In the second half of the twentieth century, officials were nervous, so we resorted to euphemisms. Corporations saw this as a chance to soften the sound of greed. Exhausted by a blur of words signifying nothing, we grew lazy and stopped insisting on precision. Now we are pissed, and we toss out words as though they are grenades. But while it is easy to despise propagandists and PR types who buff up shiny phrases and slick up the “content,” we do need to think about the words we use. Often, we need new ones. No doubt there is an economic state that teeters on a recession but could have its own specific name, keeping the R-word offstage until it fits and reminding us that teetering means the economy could go in any direction.

Does all this sound like fanciful fuss? The words we speak influence how we see the world both figuratively and literally, psycholinguists tell us. Certain words even trigger involuntary eye movements.

In finance and government, words stick. In academe, jargon and excessive verbiage sticks. We are best at inventing language for issues or identities that are more personal. But new language often dictates new forms (which may be why it terrifies us). For example, now that we have shattered the binary of gender, why not organize sports teams by physical criteria, the way prizefights class bantam-weight and heavyweight? Maybe a high school does not have a Men’s team and a Women’s team, but teams organized by height and muscle mass.

As soon as you stop saying “men’s” and “women’s,” a lot of the fight goes out of the argument.

On the other hand, too much of our political language is rigged to take away a necessary fight. In 2002, Republican strategist Frank Luntz urged President George W. Bush to speak blandly of “climate change” and not use the ominous phrase “global warming.” “Should the public come to believe that the scientific issues are settled, their views about global warming will change accordingly. Therefore, you need to continue to make the lack of scientific certainty a primary issue in the debate,” he wrote. And here we are, two decades later, hotter, faster than anyone predicted. “Climate crisis” was a helpful shift, but it came too late, and now we are mired in one.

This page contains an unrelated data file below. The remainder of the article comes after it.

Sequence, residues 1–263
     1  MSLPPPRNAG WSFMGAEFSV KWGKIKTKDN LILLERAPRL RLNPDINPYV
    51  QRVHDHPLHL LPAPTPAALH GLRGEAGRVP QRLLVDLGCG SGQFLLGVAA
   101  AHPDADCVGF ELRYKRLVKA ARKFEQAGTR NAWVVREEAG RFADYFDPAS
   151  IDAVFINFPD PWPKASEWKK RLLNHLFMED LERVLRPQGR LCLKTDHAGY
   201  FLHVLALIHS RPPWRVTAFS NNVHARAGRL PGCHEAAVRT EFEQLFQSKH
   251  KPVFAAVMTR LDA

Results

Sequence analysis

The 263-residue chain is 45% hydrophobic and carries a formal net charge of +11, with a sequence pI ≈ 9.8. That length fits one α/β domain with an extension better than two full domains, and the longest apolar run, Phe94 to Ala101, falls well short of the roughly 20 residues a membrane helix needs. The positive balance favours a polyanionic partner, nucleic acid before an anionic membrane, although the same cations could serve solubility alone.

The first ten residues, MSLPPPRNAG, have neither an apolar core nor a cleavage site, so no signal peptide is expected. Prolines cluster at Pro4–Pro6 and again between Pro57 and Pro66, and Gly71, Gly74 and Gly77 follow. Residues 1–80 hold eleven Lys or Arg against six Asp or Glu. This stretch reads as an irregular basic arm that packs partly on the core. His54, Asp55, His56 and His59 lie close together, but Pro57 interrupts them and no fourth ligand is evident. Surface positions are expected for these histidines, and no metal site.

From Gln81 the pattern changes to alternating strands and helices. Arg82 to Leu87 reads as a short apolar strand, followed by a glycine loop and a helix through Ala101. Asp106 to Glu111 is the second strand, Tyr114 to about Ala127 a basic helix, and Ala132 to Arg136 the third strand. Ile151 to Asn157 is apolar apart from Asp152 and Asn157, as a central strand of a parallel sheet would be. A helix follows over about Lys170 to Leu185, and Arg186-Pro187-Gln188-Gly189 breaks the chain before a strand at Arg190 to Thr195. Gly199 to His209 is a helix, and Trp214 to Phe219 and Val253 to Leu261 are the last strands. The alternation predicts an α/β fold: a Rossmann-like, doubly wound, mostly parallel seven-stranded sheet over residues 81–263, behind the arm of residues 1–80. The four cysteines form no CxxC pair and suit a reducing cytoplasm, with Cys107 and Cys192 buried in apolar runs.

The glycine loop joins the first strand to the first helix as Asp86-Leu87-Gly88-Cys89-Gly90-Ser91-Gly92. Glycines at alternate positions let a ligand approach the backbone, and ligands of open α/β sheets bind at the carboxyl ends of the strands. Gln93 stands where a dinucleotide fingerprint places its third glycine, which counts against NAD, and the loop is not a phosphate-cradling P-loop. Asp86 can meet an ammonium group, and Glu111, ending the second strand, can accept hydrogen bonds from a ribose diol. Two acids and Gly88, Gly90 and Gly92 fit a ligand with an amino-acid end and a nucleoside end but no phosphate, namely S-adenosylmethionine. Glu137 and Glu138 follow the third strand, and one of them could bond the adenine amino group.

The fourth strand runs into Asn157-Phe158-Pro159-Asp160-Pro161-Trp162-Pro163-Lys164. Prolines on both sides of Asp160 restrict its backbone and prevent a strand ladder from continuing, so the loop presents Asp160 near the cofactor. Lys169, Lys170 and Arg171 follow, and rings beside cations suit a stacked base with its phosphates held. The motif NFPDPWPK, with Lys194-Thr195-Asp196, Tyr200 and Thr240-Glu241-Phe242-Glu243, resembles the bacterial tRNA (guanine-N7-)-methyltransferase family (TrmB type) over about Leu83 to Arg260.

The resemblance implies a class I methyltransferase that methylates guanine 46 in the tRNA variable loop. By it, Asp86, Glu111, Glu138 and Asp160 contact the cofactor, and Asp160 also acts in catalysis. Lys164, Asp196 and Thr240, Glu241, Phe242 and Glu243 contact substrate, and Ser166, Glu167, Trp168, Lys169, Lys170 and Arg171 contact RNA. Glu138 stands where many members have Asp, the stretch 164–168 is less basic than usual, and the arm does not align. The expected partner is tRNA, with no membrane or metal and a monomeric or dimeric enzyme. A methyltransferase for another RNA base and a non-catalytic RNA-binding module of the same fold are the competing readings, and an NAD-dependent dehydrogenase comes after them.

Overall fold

We did get the promised “New Deal,” and at least the framework for a “Great Society.” But we never managed Barack Obama’s vaguer “New Foundation” (pundits said “it makes you think of a girdle”), and we sure as hell have not made America great again, whatever that even meant. At the nation’s inception, listeners knew exactly what John Winthrop meant by “A City on a Hill”—America as a beacon of hope for the rest of the world—and what the framers of the Constitution meant by every line. Do we have a clue what holds us together today?

Maybe hyphenating our identities was a bad idea. Maybe if we all simply called ourselves Americans (and nurtured our origins in other ways), it would have been harder to exclude and vilify?

Or maybe I am giving language too much credit. An impulsive compensation, for all the times we have given it too little.

 

Read more by Jeannette Cooperman here.